>> I submitted my letter of resignation last night which felt pretty good.>> Now that's transparency in government. The nation's top spy James Clapper announcing he's quitting his job at a packed congressional hearing.>> I got a 64 days left.>> Clapper has had a highly regarded six-year tenure as Director of National Intelligence, marred by an incident when he misled a senate panel on the extent of NSA surveillance.
He's making the move despite pleas from some democrat lawmakers to consider staying on longer amid worries about a gathering brain drain in key posts. As Donald Trump takes power, and a so far rocky transition.>> I'm hoping you will stay on a little longer, maybe four years longer.
>> Clapper oversees 17 intelligence agencies, including the CIA and NSA. And reporter Mark Hosenball says a lot of people in the intelligence community are nervous, considering who's up for the job.>> Some of them seem to be pretty well-qualified. Others are potentially very controversial. The well-qualified ones include an actual member of Trump's transition team, Ron Burgess, a retired general, and a person named Robert Cardillo.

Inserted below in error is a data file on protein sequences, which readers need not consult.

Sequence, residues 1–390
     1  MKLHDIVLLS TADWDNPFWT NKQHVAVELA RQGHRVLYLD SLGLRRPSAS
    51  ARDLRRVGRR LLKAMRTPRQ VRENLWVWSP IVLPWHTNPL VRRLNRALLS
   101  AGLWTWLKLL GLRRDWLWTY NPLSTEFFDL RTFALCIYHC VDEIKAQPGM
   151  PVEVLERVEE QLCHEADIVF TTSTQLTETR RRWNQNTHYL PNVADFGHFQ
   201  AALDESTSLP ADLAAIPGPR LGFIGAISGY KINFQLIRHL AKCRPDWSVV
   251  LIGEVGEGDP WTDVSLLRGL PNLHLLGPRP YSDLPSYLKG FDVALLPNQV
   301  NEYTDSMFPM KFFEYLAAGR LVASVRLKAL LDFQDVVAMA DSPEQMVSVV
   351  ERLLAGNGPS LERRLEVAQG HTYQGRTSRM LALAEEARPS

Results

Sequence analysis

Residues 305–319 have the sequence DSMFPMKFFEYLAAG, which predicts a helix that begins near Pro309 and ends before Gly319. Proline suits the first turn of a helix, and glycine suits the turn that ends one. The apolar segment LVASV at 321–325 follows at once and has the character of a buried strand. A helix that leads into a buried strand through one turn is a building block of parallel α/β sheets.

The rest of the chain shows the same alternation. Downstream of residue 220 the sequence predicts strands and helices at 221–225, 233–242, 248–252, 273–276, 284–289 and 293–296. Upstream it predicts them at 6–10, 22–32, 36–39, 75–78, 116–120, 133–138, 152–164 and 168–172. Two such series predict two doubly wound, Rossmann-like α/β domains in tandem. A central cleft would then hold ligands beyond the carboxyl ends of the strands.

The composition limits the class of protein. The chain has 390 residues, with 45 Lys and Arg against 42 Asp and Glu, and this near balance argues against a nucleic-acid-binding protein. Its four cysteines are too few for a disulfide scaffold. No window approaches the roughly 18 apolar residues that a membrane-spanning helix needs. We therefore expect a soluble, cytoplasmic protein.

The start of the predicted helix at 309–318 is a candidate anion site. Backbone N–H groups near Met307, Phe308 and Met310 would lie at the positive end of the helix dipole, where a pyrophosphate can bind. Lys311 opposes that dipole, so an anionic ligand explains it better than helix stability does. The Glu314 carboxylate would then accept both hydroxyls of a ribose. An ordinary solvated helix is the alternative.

Previously Cardillo had worked as deputy to Clapper. Then there are other people like James Woolsey, a former CIA director who was involved in production of questionable intelligence related to the Iraq War. And also, Pete Hoekstra, who's the former chairman of the House Intelligence Committee, who's said and done controversial things in the past.
>> The transition to new blood in Washington has been showing clear signs of bogging down this week in palace intrigue and indecision, raising the odds that some critical positions may not yet be filled when Trump takes the oath in 64 days.>> People in the intelligence community are very nervous.
I think it's quite possible if Trump comes in and he puts controversial people in charge of these agencies and then tells them to do things that they've already gotten in to trouble for doing, then a bunch of people might leave and that's not good for the US government, that's not good for the agency.
>> And that could mean the US intelligence community finds itself unequipped in a world with more threats than ever.